from gpiozero import MCP3008, LED
    from signal import pause
    tmp = MCP3008(channel=0, device=0)
    red = LED(19)
    def on_if_over_temp(gen, threshold):
        for value in gen:
            temperature = (value * 3.3 - 0.5)*100
            yield temperature > threshold
    red.source = on_if_over_temp(tmp.values, 24)
    # do other stuff here

    P.S. Congrats on hitting the latest stretch goal :)

    P.P.S. Could you fix my code-formatting if it screws up, please Alex?

    • I actually had the LED on the left before (like it is in real life) and it was a bit congested. If I showed you iterations 1 and 2 of the diagram (well iteration 2 is in the video) you’d be amazed it’s got this far. In reality though, it’s clear as a very clear clear thing, so I think it’s good enough.

      I think GPIO Zero has some built-in stuff that looks a lot like what you’ve done there with gen. It may be that it’s already been done for us and all we have to do is use it. I’ve not got that far yet :)

      Ta for the correction and I’ve fixed your code formatting :)

      • Yes, I’m making use of the generator stuff already built into GPIO Zero :-) See the https://gpiozero.readthedocs.org/en/latest/recipes.html for some examples.

        But the on_if_over_temp function I’ve used above is an ‘adaptor’ so that an analogue ‘output value’ (between 0 and 1) from the ADC can be used as a boolean ‘input value’ to the LED.

        You _could_ do “red.source = tmp.values” but then the LED would only be off if the ADC reads a value of exactly 0V (anything non-zero is considered “True” by Python).

      • This is what the four stages of evolution of the wiring diagram look like (and yes I did just go and tweak it a bit more)…

        evolution of the wiring diagram

  2. Nice mini tutorial and hard to see how the diagram could be any clearer. Not looked into Fritzing in too much detail yet but am curious to know why it is so expensive to create custom parts?

    • It’s the cost of labour to do it properly and get included in the mainstream Fritzing distribution. The Duino part took 8 hours and cost me something around £300. I don’t begrudge it at all, but amortised over 1000 units of Pro Hat, that adds ~30p to the cost of the board, which is something like 5 times the cost of the RGB LED stretch goal. (I know it’s awful to think about the numbers in those terms, but I’m afraid one has to, to avoid overstretching.)

  3. Will it work with mcp3208?

  4. Hi,

    Great post. I’ve had some luck with the LED and PWMLED on GPIO Zero, but am struggling with the MCP3008. I’m very new to coding so might be doing something very simple quite wrong. When I try your code, I get:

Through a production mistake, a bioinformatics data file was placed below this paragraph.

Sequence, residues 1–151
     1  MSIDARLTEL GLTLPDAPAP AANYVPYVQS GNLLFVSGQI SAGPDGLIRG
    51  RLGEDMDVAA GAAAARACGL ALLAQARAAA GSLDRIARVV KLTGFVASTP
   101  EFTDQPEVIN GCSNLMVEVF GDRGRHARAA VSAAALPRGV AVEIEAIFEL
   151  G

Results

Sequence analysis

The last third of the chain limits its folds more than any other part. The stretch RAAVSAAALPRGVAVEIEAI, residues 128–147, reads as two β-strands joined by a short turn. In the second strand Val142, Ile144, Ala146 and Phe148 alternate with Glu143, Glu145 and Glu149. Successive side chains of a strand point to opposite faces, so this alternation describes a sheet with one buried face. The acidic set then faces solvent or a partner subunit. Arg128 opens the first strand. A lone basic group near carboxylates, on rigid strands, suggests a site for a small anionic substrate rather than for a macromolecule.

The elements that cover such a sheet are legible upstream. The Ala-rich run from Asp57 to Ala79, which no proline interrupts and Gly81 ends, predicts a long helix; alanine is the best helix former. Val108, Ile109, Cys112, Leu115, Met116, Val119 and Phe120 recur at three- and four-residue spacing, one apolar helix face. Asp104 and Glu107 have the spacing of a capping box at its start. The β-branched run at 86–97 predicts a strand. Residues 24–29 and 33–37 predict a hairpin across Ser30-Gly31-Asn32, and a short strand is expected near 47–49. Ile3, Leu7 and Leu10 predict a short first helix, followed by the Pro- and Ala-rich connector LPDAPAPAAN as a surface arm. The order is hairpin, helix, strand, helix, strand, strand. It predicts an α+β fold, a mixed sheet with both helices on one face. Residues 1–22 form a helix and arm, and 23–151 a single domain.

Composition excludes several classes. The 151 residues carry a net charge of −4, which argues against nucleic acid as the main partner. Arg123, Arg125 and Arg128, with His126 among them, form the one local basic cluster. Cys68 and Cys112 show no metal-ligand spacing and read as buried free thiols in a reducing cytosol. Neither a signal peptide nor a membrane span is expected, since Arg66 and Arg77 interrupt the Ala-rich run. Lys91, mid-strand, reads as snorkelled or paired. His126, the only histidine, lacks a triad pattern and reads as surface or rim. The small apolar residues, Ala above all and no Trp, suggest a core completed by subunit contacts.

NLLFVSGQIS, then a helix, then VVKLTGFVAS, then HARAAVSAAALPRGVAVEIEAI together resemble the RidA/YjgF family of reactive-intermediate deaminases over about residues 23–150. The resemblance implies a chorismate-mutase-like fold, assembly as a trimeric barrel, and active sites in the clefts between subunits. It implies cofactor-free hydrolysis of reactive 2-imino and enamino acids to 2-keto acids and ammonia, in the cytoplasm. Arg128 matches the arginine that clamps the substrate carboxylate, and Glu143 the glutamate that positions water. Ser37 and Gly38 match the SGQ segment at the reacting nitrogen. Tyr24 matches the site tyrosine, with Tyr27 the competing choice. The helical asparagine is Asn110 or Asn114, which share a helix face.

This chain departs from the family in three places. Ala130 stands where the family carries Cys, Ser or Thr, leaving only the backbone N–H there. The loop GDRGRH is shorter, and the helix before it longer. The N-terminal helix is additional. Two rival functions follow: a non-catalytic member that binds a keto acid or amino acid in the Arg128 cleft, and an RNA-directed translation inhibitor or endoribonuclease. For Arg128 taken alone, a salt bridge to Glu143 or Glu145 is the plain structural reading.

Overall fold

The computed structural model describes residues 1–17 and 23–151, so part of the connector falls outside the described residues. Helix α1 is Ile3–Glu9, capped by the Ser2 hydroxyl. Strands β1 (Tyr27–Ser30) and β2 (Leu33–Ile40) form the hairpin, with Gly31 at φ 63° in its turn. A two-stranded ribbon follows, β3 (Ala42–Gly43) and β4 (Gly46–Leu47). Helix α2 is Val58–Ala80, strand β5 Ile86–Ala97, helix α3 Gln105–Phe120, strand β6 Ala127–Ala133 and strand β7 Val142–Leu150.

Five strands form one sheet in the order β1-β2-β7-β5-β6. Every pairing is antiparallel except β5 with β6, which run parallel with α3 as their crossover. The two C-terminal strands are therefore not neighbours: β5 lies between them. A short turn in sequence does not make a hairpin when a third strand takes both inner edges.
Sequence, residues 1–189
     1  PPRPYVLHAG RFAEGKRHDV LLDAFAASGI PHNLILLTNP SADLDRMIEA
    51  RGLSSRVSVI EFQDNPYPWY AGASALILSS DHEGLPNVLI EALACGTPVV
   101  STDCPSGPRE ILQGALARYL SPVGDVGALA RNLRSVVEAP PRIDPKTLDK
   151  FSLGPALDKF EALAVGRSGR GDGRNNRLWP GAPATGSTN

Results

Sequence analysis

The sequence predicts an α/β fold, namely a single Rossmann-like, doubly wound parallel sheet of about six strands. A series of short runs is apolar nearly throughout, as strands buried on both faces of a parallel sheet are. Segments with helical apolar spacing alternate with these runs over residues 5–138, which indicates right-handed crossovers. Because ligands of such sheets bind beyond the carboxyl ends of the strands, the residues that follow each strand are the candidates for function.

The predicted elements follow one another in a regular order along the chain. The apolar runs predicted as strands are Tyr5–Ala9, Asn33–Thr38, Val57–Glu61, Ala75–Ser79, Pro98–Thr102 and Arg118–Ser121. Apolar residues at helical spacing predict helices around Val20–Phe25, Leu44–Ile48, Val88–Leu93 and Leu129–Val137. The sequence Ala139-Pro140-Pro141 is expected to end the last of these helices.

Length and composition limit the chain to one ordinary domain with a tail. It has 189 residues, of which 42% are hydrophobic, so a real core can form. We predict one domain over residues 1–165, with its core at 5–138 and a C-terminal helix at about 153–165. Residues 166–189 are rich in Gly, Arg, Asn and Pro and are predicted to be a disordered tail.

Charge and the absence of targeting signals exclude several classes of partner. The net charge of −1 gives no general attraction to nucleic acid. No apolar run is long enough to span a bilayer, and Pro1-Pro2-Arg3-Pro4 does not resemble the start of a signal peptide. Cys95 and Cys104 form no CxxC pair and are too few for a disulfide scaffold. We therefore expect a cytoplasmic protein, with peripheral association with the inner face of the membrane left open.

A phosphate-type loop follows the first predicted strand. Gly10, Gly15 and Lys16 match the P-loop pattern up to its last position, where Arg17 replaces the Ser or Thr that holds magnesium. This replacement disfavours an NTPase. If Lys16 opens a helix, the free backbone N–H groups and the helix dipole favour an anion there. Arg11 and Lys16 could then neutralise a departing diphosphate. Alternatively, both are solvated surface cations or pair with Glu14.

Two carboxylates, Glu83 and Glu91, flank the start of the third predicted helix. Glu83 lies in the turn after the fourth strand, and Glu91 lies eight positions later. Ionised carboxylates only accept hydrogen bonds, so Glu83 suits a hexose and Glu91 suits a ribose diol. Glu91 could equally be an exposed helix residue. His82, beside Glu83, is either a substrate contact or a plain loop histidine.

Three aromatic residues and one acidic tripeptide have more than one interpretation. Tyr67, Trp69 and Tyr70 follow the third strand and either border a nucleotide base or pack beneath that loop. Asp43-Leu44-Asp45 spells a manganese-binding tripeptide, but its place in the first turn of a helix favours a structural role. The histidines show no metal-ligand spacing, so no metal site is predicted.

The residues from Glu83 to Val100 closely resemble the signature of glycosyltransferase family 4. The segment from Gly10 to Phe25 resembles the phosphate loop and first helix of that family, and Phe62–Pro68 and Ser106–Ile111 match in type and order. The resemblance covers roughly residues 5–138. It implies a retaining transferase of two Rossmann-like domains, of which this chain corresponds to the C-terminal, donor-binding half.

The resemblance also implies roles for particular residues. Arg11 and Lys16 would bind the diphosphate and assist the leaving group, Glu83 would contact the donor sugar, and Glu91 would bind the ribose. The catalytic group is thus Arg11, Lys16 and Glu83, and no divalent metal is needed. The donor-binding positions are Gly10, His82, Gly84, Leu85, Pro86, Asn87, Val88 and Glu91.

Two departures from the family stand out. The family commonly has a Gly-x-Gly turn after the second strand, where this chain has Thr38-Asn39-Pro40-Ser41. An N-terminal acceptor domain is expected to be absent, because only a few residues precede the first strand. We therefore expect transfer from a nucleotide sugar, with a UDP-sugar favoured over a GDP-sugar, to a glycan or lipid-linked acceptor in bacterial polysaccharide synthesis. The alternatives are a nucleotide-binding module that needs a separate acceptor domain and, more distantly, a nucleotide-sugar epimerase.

Traceback (most recent call last):
    File “./adc.py”, line 7, in
    tmp = MCP3008(channel=0, device=0)
    File “/usr/lib/python2.7/dist-packages/gpiozero/devices.py”, line 78, in __call__
    result = super(GPIOMeta, mcls).__call__(*args, **kwargs)
    File “/usr/lib/python2.7/dist-packages/gpiozero/input_devices.py”, line 802, in __init__
    super(MCP3008, self).__init__(channel, device, 10, differential)
    File “/usr/lib/python2.7/dist-packages/gpiozero/input_devices.py”, line 678, in __init__
    super(MCP3xxx, self).__init__(device, bits)
    File “/usr/lib/python2.7/dist-packages/gpiozero/input_devices.py”, line 613, in __init__
    self._spi.open(0, self.device)
    IOError: [Errno 2] No such file or directory

    Any help greatly appreciated!

  5. Just received my RasPIO Pro Hat today and I am very excited. It is a great board combined with a perfect experimental kit. Ended up burning the yellow LED already, because I was not careful :-(.
    Now I tried to get te temperature sensor connected to the MCP3008, but I am getting a wrong temperature. At room temperature it shows 32 deg celcius, when it should be only 26. Any idea what I am doing wrong? I copied the python code from your tutorial.
    THX, Johannes

    • I guess I was just not patient enough. After checking the voltage of the TMP36 with a multimeter it showed, everything is correct, and when I moved the TMP36 further away from the board, the measurement dropped.